Facebook spent more than $5M on lobbying efforts in 3rd quarter

Lobbyists addressed issues ranging from climate change to the For the People Act of 2021

Facebook spent more than $5 million lobbying the U.S. government in the third quarter of 2021 as the social media platform remained under fire for various issues, federal filings show.

The lobbying campaign between July 1 and Sept. 30 came amid The Wall Street Journal's scathing collection of negative reports against the company titled, "The Facebook Files," accusing the company of knowing that Instagram is harmful to teenagers' mental health, putting Facebook's success over the wellbeing of its users by changing its news feed algorithm in 2018 and so on.


A spending report filed Wednesday states that Facebook spent $5.09 million on lobbying efforts in the third quarter and names 14 lobbyists who addressed issues ranging from climate change to the For the People Act of 2021, the filings show.

"It’s not at all surprising to see the increase in Facebook’s lobbying spend given the number of ways Facebook has been in the negative spotlight for some time now, but increasingly in the last few weeks and months," Cory Munchbach, chief operating officer for customer data platform BlueConic, told FOX Business. 

"However, it’s important to note that it’s only a 4% increase over last year in the same period and the company employs more than 60 lobbyists —  a crucial part of Facebook’s broader strategy has long been to peddle influence in order to avoid scrutiny and, more importantly, accountability from regulators and lawmakers."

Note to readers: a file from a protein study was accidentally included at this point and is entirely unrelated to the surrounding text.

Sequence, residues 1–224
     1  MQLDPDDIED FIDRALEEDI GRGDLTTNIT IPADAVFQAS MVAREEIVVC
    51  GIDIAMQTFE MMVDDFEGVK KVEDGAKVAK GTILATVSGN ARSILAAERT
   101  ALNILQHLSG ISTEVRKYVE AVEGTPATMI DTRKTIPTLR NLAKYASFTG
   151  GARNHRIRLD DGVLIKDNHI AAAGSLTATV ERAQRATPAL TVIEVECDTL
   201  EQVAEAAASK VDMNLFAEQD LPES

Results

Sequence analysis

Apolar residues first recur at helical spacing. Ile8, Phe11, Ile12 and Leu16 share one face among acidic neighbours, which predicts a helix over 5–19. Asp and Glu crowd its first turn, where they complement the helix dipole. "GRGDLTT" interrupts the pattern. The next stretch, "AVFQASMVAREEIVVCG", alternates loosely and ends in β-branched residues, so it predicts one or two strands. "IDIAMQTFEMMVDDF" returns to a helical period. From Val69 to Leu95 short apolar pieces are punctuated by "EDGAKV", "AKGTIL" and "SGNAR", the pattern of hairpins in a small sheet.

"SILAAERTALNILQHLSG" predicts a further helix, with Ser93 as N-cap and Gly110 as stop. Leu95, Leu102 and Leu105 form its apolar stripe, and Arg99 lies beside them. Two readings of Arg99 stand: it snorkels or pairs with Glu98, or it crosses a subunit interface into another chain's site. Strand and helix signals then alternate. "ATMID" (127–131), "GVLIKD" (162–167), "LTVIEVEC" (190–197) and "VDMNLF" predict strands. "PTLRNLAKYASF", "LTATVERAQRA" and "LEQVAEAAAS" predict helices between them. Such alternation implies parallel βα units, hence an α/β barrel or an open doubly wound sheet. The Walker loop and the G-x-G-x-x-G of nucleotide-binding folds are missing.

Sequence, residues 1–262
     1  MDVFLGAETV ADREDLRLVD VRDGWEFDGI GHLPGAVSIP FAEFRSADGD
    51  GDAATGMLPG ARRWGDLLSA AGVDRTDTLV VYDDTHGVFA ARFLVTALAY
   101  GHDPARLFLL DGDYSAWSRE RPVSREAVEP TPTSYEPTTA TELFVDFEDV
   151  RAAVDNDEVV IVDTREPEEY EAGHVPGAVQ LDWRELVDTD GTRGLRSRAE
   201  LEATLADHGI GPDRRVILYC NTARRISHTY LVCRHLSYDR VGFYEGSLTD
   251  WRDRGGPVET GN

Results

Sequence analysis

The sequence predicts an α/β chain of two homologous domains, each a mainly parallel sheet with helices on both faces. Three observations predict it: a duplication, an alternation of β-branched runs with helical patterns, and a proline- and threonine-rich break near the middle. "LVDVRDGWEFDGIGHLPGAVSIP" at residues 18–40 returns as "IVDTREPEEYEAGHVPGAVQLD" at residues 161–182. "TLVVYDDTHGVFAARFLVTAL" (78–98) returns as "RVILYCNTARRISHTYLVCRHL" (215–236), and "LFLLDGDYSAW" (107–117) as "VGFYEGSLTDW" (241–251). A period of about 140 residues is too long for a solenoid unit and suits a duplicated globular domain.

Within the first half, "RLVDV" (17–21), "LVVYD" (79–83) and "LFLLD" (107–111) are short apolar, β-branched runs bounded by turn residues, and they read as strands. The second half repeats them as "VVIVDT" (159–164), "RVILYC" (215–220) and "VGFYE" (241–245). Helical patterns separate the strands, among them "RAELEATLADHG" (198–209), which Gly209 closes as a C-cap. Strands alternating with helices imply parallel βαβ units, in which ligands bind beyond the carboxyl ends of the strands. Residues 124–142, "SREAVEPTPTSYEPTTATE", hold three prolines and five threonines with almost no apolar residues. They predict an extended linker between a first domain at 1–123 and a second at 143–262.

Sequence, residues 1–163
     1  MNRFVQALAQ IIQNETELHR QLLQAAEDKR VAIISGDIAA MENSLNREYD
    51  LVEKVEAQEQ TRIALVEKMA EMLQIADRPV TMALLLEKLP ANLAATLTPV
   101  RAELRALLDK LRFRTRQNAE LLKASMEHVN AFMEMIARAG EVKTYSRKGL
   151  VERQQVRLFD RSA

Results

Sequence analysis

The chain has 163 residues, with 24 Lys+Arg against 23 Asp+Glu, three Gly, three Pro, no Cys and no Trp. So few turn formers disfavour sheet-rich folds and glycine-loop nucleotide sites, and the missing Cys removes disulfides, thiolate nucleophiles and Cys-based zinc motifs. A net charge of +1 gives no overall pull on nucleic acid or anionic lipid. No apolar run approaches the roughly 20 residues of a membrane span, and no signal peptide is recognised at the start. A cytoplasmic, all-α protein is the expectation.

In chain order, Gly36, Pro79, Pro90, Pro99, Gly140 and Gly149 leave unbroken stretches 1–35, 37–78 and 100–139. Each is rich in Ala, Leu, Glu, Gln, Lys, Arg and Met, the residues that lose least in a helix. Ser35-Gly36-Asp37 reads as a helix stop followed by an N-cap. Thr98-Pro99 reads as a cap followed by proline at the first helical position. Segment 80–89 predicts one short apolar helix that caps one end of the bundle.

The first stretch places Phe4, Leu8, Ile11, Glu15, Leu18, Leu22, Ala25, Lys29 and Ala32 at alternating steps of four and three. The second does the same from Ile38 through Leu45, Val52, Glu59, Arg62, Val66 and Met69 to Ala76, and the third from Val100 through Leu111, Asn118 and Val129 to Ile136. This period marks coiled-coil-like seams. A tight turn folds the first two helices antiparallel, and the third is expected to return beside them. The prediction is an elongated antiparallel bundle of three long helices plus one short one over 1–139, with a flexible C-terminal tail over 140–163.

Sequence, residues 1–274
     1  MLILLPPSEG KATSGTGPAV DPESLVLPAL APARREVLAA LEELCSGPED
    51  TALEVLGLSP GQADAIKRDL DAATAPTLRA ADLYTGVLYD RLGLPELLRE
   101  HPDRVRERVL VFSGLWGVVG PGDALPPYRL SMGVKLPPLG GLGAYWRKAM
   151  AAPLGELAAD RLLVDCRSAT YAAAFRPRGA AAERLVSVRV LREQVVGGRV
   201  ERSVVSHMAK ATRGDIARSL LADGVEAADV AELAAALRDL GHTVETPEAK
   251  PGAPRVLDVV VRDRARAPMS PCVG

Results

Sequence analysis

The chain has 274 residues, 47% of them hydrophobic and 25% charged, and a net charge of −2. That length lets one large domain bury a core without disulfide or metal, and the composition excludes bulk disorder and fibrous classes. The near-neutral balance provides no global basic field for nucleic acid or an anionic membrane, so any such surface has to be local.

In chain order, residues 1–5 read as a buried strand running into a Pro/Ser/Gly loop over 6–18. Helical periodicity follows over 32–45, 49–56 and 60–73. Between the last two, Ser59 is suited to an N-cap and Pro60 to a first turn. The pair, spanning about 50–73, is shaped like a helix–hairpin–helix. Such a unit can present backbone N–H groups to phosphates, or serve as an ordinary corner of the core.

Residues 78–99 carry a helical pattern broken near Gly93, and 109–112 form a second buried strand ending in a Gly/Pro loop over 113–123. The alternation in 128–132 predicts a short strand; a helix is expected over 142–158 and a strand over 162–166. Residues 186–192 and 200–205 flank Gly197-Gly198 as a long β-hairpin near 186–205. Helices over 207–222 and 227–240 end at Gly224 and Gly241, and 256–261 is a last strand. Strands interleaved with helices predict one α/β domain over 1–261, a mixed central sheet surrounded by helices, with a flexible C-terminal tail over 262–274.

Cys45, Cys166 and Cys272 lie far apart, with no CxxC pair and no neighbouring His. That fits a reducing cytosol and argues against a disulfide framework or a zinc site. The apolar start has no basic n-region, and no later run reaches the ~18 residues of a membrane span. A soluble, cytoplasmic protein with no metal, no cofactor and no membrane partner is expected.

Facebook outspent fellow Big Tech companies Amazon, Google, and Microsoft in their respective Q3 government lobbying expenditures.

The spending is not new for the massive social media platform, which spent nearly $4.8 million on government lobbying in the first and second quarter of 2021, and nearly $4.7 million on government lobbying in the fourth quarter of 2020. Facebook also topped $5.2 million on efforts to lobby the government in the first quarter of 2020 between Jan. 1 and March 31.

"They are clearly spending to try and mitigate fallout from the numerous revelations that have led to renewed vigor from Congress to reign in Facebook in ways the others simply do not," Munchbach said. "It’s a good thing their stock price hasn’t been as battered as their reputation to keep the lobbying budget intact!"


Criticism has continued to pile up against Facebook since the end of the third quarter, as well. 

Its Wednesday filing came before former Facebook product manager and whistleblower Frances Haugen's shocking testimony to the Senate Commerce Committee and forthcoming reports regarding "thousands of pages of leaked documents" that Facebook said were "mischaracterized" in an Oct. 18 tweet.

Facebook is also facing a revised antitrust lawsuit from the Federal Trade Commission, which the company is urging the government to throw out. The FTC is accusing Facebook of holding a monopoly in the U.S. since 2011, which Facebook denies, saying it is "entirely without legal or factual support."